The 10 biggest myths about gluten

STEPHANIE AYRE
Last updated 13:43 11/03/2014
Bread

DOUGHY DELIGHTS: Bread is perhaps the most common glutenous food, but there are plenty of unexpected suspects which often fly under the radar.

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There's much more to going gluten-free than a change of diet.

We know that gluten is sneaky, and harmful to those with coeliac disease - even sharing utensils can be life threatening - but there's more than a few myths going around.

So we're breaking down the facts and debunking some common gluten-related mistakes.

Myth #1: Only grain-based foods contain gluten

Eating gluten-free doesn't just mean you have to make the switch with breads, pastas and cereals. You will also find gluten in some unexpected places such as suncream, shampoo and makeup, as well as in some unlikely foods like lollies, pickles, soy sauce and other condiments.

Myth #2: Coeliac disease is rare

It's actually the opposite. The disease affects at least one in 100 New Zealanders, but 75 per cent currently remain undiagnosed.

Myth #3: People with coeliac aren't as sensitive to gluten as they might claim

Everyone has different levels of intolerance, but the symptoms they suffer and the health concerns are serious.

People with coeliac can easily get really sick from even the smallest of bread crumbs, and can even have a terrible attack from sharing utensils or having food made on the same surface as glutenous foods.

Myth #4: A gluten-free diet is good for anyone

Going gluten-free seems to be a bit of a trend at the moment, but if you're not gluten intolerant then there's no benefit on passing up on some great foods.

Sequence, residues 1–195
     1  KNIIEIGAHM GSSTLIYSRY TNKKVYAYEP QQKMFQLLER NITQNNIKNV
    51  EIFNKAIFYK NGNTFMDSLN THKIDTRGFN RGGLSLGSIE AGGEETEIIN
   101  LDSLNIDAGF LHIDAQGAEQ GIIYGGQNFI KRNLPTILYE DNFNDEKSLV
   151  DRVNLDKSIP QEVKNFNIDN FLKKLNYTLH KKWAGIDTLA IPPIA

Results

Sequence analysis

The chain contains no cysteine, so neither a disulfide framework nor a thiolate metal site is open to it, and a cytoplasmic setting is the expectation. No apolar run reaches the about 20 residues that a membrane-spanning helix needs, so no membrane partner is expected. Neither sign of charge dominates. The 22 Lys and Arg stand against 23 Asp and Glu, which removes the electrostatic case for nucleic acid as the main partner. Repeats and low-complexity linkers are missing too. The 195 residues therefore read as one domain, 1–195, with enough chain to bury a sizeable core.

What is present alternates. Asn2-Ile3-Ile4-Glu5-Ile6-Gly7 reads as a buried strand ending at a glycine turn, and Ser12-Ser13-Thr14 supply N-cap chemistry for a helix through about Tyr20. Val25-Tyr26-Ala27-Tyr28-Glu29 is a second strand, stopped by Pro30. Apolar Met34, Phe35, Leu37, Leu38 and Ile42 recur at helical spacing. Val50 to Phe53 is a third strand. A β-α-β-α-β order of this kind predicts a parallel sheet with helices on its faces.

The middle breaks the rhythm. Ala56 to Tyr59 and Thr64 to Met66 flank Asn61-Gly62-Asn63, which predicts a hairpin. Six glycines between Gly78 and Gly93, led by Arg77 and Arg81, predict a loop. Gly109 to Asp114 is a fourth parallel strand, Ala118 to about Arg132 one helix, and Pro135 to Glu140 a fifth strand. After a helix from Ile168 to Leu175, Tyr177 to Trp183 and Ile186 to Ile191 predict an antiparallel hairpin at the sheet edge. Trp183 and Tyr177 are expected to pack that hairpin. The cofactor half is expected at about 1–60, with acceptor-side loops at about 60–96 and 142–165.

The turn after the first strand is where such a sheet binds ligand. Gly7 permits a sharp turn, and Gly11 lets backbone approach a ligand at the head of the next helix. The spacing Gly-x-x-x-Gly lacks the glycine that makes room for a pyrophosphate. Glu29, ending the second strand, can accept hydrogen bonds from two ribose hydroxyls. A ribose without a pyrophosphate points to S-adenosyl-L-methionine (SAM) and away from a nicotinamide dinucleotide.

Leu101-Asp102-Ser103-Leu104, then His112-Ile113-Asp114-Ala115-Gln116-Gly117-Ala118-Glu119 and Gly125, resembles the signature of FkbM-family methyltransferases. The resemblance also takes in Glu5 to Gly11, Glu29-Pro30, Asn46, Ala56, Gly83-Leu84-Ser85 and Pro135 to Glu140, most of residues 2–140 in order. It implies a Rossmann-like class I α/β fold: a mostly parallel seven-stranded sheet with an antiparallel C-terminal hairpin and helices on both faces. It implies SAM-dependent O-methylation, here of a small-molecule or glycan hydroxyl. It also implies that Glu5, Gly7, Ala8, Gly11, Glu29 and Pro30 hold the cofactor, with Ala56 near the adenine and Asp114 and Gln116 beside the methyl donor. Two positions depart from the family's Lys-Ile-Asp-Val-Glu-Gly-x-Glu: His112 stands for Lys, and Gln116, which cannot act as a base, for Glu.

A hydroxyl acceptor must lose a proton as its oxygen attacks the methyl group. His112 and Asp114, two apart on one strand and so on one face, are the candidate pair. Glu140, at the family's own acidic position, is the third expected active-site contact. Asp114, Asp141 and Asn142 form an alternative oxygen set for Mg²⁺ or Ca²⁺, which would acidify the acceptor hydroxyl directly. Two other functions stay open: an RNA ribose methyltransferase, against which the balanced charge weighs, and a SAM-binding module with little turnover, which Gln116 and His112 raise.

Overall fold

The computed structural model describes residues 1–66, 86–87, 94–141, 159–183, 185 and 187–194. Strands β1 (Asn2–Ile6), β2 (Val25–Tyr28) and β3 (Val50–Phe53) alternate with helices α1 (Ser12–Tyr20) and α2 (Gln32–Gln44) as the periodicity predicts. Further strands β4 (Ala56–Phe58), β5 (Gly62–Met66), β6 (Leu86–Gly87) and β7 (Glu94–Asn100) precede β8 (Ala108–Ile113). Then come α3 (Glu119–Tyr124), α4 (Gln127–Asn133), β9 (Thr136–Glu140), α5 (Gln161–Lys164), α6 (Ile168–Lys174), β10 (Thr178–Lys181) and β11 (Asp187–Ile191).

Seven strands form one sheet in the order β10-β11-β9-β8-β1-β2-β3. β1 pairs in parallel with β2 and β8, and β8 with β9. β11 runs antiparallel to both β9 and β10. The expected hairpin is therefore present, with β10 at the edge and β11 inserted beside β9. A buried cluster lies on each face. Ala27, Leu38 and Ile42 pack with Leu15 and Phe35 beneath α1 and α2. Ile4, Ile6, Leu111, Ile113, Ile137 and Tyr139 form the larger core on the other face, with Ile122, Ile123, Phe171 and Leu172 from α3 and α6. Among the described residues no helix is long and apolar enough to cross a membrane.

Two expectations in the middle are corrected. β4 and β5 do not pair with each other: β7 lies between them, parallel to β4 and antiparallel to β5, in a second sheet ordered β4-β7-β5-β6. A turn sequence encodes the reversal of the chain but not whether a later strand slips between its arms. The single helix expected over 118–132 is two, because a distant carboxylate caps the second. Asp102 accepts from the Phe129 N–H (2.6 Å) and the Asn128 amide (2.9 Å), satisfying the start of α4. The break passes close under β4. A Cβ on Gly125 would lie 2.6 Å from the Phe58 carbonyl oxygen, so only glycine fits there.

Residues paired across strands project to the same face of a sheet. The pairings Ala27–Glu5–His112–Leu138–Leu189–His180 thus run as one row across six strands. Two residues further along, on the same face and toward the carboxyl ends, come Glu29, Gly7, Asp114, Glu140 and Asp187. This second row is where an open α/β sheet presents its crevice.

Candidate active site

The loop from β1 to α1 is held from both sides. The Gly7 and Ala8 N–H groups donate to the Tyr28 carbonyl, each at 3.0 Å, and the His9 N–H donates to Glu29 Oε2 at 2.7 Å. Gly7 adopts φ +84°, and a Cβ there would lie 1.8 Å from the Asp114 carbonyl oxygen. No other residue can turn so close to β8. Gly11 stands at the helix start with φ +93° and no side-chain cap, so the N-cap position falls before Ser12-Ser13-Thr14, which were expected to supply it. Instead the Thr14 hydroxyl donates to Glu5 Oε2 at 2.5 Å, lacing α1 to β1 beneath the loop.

The only reason gluten-free eaters are restricted to a gluten-free diet is because of the harm gluten can do to their digestive system and nutrition.

Forgoing gluten when you don't have coeliac disease won't make you healthier or help you to lose weight. In fact, there really is no point.

Myth #5: Coeliac disease and gluten sensitivity are the same thing

These two terms are often passed around as being the same thing, but they're not.

Coeliac disease is an autoimmune disorder where the immune system reacts abnormally to gluten causing small bowel damage.

Gluten sensitivity is not an autoimmune disease, and gluten doesn't cause the intestines any long-term damage. However, some of the symptoms like diarrhoea, cramping, bloating are the same.

Myth #6: Gluten-free foods are healthy

Most gluten-free goods are processed and therefore aren't exactly healthy. They still contain gluten-free flours, sugars and fats to help compensate for the lack in texture and taste.

Myth # 7: Coeliac isn't life-threatening

People might think having coeliac is just a pain in the back side, but it's actually more harmful than it might appear.

Aside from doing damage to your digestive system and experiencing unpleasant side effects, if untreated it can even lead to infertility and other autoimmune disorders.

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Myth #8: Going gluten-free is good for weight loss

If you think ditching the bread and cereal is going to help you lose weight, think again.

While eliminating certain carb-rich foods might help those skinny jeans fit better, many gluten-free products contain more sugar, fat and other additives than their non-gluten free siblings.

Myth #9: It's OK to have a cheat day when you're coeliac

Unfortunately it's not OK. If you've got coeliac, every time you eat foods that contain gluten, the protein from these foods is damaging your intestines and preventing you from receiving essential nutrients.

Even the smallest amount of gluten can be detrimental to your health.

Myth #10: It's OK to self diagnose coeliac disease

First thing's first - don't even self diagnose. There's many reasons as to why you shouldn't self diagnose, but you need to know whether or not you have coeliac or are just insensitive to decide on the correct treatment.

Also, if you cut out gluten before you get tested you can affect the results which will delay proper diagnosis.

- PopSugar.com.au

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